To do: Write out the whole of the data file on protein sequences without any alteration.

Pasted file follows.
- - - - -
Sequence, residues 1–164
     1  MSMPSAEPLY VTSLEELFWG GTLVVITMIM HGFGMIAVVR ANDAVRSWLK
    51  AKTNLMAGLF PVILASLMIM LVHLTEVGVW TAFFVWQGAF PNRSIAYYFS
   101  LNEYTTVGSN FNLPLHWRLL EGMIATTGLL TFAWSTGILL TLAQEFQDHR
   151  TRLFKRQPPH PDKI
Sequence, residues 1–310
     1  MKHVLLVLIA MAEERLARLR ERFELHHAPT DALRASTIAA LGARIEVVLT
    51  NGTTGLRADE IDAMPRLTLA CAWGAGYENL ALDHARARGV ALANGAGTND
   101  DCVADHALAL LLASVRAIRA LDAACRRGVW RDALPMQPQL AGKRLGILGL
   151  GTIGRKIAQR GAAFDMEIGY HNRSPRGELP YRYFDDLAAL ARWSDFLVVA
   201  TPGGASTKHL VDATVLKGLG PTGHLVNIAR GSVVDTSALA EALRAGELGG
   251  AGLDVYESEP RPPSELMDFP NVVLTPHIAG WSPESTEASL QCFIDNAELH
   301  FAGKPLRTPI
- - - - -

Sequence, residues 1–164
     1  MSMPSAEPLY VTSLEELFWG GTLVVITMIM HGFGMIAVVR ANDAVRSWLK
    51  AKTNLMAGLF PVILASLMIM LVHLTEVGVW TAFFVWQGAF PNRSIAYYFS
   101  LNEYTTVGSN FNLPLHWRLL EGMIATTGLL TFAWSTGILL TLAQEFQDHR
   151  TRLFKRQPPH PDKI
Sequence, residues 1–310
     1  MKHVLLVLIA MAEERLARLR ERFELHHAPT DALRASTIAA LGARIEVVLT
    51  NGTTGLRADE IDAMPRLTLA CAWGAGYENL ALDHARARGV ALANGAGTND
   101  DCVADHALAL LLASVRAIRA LDAACRRGVW RDALPMQPQL AGKRLGILGL
   151  GTIGRKIAQR GAAFDMEIGY HNRSPRGELP YRYFDDLAAL ARWSDFLVVA
   201  TPGGASTKHL VDATVLKGLG PTGHLVNIAR GSVVDTSALA EALRAGELGG
   251  AGLDVYESEP RPPSELMDFP NVVLTPHIAG WSPESTEASL QCFIDNAELH
   301  FAGKPLRTPI